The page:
Phylogenetic analysis including Chenanisaurus, based on that of Wang et al. (2017)

The holotype is labelled as OCP DEK-GE 772. Individual teeth collected from the surrounding area, two premaxillary teeth labelled as OCP DEK-GE 457 and DEK-GE 458 and the maxillary tooth WDC-CCPM-005 already described in 2005,[2] were referred to Chenanisaurus due to their similarity to the teeth of the holotype. Chenanisaurus is named after the Sidi Chennane mines where it was discovered and its specific name of barbaricus translates as "barbaric" and refers to Barbary.[1]

Classification

In 2017, Chenanisaurus was placed in Abelisauridae in a basal position outside the Abelisaurinae and Carnotaurinae. Though it resembles carnotaurine abelisaurids in aspects of its jaw morphology, Chenanisaurus may belong to an as-yet undescribed group of abelisaurids unique to Africa. Only further research will determine the true relations of this species.[1]

Paleobiology

Two Chenanisaurus sprinting along a coastline

Chenanisaurus was a predator, like other abelisaurids. Given its size, it could have hunted relatively large prey. The lower jaw suggests a relatively short powerfully built head and jaws [1]. Along with the large size of the animal, the proportions of the jaws would have given it a powerful bite force, suggesting the ability to prey on relatively large dinosaurs.

Titanosaurian sauropods have been found in the same beds, and were likely prey for Chenanisaurus.

The presence of Chenanisaurus in the phosphates is unusual because the phosphates represent a marine environment. Most of the fossils known from these beds are therefore marine animals, such as sharks, fish, mosasaurs, and plesiosaurs [1]. The presence of Chenanisaurus in these beds is therefore surprising. It is possible that some animals died and were washed out to sea by rivers; it is also possible that Chenanisaurus sometimes entered the ocean to swim.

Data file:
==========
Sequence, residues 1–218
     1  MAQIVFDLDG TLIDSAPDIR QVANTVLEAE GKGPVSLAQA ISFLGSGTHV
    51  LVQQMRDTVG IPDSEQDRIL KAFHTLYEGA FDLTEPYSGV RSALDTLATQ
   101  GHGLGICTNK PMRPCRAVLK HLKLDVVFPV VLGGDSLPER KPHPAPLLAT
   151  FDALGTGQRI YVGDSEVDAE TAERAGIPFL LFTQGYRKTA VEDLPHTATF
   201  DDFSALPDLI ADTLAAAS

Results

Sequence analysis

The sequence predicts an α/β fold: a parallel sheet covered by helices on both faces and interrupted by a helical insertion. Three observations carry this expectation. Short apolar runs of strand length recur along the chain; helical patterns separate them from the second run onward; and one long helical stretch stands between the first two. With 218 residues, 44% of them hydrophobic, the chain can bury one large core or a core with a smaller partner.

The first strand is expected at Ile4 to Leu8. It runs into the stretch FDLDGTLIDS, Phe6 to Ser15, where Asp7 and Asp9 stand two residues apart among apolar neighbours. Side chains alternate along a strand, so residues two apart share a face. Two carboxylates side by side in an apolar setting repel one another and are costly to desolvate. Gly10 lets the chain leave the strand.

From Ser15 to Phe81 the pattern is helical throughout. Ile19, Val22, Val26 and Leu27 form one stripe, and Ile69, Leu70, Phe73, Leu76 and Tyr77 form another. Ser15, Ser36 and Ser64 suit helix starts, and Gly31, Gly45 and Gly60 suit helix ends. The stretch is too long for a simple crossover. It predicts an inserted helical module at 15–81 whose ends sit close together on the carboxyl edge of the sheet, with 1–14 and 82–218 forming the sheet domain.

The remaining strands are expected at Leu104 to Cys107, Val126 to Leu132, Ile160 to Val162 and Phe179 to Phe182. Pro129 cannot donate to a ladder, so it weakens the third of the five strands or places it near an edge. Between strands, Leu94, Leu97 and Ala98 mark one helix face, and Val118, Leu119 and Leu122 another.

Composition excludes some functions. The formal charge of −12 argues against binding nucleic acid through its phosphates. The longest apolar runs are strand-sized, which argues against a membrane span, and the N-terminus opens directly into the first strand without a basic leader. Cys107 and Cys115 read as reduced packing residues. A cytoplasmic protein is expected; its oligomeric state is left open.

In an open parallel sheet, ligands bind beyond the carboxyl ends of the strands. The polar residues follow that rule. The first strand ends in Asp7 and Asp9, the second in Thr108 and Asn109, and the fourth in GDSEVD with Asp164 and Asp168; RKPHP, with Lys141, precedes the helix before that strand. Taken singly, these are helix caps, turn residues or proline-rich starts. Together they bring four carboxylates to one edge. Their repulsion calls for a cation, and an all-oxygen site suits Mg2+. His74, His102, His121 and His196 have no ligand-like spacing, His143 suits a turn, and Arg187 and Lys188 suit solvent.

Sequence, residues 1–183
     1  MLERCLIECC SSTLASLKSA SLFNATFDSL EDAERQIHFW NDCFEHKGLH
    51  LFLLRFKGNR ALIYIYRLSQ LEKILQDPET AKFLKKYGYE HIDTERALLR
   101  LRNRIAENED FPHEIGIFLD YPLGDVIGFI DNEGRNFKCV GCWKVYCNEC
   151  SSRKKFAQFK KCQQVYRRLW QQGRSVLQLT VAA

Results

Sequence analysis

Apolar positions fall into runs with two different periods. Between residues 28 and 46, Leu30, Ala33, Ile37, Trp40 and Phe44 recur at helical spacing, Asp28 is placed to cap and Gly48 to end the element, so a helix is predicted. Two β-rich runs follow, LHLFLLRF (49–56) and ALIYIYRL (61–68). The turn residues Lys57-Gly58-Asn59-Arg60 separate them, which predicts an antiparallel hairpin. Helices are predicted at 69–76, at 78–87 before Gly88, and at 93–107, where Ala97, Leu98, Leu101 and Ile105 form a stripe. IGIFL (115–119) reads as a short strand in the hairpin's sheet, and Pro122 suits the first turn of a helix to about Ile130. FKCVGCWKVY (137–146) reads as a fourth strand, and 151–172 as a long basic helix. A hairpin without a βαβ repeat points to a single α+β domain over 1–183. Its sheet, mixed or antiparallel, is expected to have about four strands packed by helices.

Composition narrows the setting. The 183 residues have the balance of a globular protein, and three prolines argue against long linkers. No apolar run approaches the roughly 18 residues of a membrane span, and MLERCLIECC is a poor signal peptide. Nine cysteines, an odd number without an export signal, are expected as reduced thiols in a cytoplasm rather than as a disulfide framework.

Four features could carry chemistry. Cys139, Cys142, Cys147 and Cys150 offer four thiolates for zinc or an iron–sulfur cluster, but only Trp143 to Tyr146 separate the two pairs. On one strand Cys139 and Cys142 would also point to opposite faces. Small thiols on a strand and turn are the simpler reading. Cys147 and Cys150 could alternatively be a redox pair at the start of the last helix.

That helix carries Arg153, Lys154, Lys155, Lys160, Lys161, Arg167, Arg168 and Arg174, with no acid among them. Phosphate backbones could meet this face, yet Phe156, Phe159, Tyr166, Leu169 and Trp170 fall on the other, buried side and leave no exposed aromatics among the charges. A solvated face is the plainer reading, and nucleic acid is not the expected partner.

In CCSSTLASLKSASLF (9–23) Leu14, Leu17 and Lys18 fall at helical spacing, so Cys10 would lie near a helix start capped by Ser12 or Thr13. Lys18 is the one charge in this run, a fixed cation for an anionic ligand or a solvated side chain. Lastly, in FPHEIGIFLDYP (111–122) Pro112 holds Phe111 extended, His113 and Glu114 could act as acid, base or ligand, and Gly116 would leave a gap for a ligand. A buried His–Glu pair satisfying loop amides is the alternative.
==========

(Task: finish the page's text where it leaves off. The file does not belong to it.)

Other Gondwanan continents, such as South America, India, and Madagascar show a similar combination of titanosaurians and abelisaurids in the latest Cretaceous, suggesting a distinct evolutionary history from the Laurasian continents of Asia and North America.

The finding of Chenanisaurus and these fragments of titanosaurids also indicate that in Africa, an abelisaurid/titanosaur fauna existed just prior to the Cretaceous–Paleogene extinction event, suggesting that the faunal assemblage of Gondwana was relatively stable until that point in time.[1] Chenanisaurus' remains were found in marine deposits that comprise most of the Sidi Chennane phosphate mines, indicating that post-mortem, the theropod had washed out to sea, where the holotype specimen became fossilized.[3]

See also

References

  1. ^ a b c d e f g h i Longrich, N.R.; Pereda-Suberbiola, X.; Jalil, N.-E.; Khaldoune, F.; Jourani, E. (2017). "An abelisaurid from the latest Cretaceous (late Maastrichtian) of Morocco, North Africa". Cretaceous Research. 76: 40–52. doi:10.1016/j.cretres.2017.03.021.
  2. ^ Buffetaut, E., Escuillié, F., Pohl, B., 2005, "First theropod dinosaur from the Maastrichtian phosphates of Morocco", Kaupia 14: 3-8
  3. ^ https://www.sciencedaily.com/releases/2017/05/170503213550.htm